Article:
Johnson was defeated in his bid for reelection in 1994, losing to Republican Charlie Norwood by a 31-point margin — the largest margin of defeat for a Democratic incumbent during the gigantic Republican landslide of that year. He was one of several moderate Southern Democrats who went down to defeat in that election. Johnson was tied to Bill Clinton largely because of his support for President Clinton's 1993 budget. Although extremely contentious at the time, this 1993 budget plan is historically seen as what ultimately balanced the nation's budget and led to national surpluses.[4]

U.S. Trade Representative

In 1998, President Bill Clinton appointed Johnson to the rank of ambassador at the Office of the United States Trade Representative and he served for two and a half years as chief textile negotiator and principal adviser to both the President of the United States and the United States Trade Representative on all textile and apparel trade matters. Among the significant negotiations concluded during Johnson's tenure in office were the U.S.-China World Trade Organization Accession Agreement and the U.S.-Cambodia Textile Agreement. The latter agreement, which Ambassador Johnson negotiated with the Cambodian Commerce Minister, is considered a landmark in that it included, for the first time, labor provisions linked to trade benefits.[5] He also led the U.S. in WTO dispute cases involving textiles against the European Union and Pakistan and resolved other disputes through negotiations. Johnson was substantially involved with the development of trade legislation during this period, including the Trade Act of 2000 which incorporated the Caribbean Basin Initiative and African Growth and Opportunity Act.[6]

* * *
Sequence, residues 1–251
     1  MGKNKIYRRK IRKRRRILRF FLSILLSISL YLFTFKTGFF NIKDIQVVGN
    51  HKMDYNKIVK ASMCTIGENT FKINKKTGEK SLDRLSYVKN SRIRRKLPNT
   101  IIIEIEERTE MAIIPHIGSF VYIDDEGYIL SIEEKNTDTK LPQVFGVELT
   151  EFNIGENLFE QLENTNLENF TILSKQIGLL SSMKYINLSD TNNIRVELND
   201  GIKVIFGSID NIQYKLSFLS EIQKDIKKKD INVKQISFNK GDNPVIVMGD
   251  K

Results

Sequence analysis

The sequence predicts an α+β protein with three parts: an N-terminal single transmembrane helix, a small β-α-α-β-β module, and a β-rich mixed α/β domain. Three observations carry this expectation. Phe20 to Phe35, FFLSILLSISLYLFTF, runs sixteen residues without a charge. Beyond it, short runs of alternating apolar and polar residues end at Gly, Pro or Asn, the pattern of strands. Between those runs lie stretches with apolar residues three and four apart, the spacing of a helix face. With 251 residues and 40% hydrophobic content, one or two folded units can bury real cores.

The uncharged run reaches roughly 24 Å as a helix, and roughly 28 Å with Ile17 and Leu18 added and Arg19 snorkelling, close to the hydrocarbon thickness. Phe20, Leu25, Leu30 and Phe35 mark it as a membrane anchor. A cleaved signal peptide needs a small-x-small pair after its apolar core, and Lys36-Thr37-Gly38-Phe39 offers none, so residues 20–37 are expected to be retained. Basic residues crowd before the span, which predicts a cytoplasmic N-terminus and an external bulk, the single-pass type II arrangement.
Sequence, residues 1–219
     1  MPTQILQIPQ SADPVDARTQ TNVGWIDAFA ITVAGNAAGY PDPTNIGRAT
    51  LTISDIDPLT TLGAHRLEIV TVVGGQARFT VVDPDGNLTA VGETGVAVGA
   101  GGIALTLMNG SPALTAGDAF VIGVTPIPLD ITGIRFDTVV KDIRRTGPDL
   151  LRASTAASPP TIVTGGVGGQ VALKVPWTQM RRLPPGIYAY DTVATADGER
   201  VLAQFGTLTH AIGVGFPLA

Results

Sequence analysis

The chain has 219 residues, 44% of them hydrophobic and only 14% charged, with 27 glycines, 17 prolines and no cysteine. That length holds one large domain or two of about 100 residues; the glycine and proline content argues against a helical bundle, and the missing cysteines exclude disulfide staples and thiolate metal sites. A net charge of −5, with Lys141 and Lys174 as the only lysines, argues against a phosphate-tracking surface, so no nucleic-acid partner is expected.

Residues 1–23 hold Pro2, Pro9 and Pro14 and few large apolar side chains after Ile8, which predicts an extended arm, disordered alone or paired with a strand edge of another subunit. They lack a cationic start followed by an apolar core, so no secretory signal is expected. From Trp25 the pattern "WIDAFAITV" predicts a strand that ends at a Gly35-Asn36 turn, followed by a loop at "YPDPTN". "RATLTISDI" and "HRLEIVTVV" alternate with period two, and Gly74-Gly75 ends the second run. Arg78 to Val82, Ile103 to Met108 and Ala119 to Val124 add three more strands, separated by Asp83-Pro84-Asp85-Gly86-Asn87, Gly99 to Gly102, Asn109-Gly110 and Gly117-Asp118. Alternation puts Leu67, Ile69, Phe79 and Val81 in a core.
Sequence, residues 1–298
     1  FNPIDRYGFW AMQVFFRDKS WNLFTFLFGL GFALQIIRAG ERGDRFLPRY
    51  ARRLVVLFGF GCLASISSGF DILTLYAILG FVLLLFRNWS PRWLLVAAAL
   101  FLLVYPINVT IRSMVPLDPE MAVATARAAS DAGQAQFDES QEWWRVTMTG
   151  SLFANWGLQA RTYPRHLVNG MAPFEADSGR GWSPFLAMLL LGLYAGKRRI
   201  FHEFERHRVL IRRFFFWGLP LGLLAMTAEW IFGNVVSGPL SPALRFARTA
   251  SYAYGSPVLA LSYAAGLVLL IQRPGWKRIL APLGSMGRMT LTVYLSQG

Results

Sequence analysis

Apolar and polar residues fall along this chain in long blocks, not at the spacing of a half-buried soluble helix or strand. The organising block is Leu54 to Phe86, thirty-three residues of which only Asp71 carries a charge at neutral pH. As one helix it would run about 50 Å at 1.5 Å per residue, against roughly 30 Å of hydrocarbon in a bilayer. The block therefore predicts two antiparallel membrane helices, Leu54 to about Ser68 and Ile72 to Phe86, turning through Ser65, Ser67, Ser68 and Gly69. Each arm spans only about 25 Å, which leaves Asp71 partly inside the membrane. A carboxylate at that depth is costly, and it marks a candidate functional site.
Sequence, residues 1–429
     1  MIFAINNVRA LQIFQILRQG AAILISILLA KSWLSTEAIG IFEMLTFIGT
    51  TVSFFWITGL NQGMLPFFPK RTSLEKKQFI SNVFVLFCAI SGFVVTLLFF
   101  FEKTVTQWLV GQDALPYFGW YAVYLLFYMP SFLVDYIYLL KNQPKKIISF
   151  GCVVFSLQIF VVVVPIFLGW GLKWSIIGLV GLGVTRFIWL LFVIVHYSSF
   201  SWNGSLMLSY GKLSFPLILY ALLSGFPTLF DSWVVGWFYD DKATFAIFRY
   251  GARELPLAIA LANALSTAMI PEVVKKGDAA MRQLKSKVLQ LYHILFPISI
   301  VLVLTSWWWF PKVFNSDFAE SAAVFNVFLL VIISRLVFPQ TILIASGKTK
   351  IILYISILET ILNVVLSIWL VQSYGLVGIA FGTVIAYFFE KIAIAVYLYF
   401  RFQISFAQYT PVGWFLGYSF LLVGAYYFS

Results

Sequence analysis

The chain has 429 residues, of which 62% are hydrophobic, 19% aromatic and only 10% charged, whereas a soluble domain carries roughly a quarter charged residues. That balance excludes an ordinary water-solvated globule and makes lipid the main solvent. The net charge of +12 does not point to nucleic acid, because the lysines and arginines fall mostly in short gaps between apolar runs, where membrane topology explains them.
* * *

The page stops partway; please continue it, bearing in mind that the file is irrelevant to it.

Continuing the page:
Career after politics

Johnson spent time as a partner at the law firm Patton Boggs LLP, and then became vice-chairman of Fleishman-Hillard Government Relations, Inc. until he accepted an appointment in 2004 as the Director of the University of Georgia School of Law’s Dean Rusk Center for International, Comparative and Graduate Legal Studies, where he remains today. All of Johnson's official papers are housed at the Richard B. Russell Library for Political Research and Studies at the University of Georgia.

On July 27, 2011 Johnson contributed an op-ed article to The Atlanta Journal-Constitution, entitled "Show some courage on debt crisis - children are watching," in which he shares his personal story of how national interests should always outweigh narrow political interests. [7]

Personal life

Currently, Johnson resides on his family cattle farm outside of Royston, Georgia with his wife Suzanne Spratlin Johnson. Together, they have three children and two grandchildren.


  1. [1]
  2. [2]
  3. [3]
  4. [Hunt, Albert. “Last Year’s Budget Deal Was a Success,” Wall Street Journal, 4 August 1994.]; and [Clark, Lindley and Bleakley, Fred. “Companies’ Profits Grow Strongly As Economy Provides Solid Lift,” Wall Street Journal, 1 August 1994, sec. A, p. 9.]
  5. [4]
  6. [5]
  7. [6]
United States House of Representatives
Preceded by Member of the U.S. House of Representatives
from Georgia's 10th congressional district

January 3, 1993 – January 3, 1995
Succeeded by
Charlie Norwood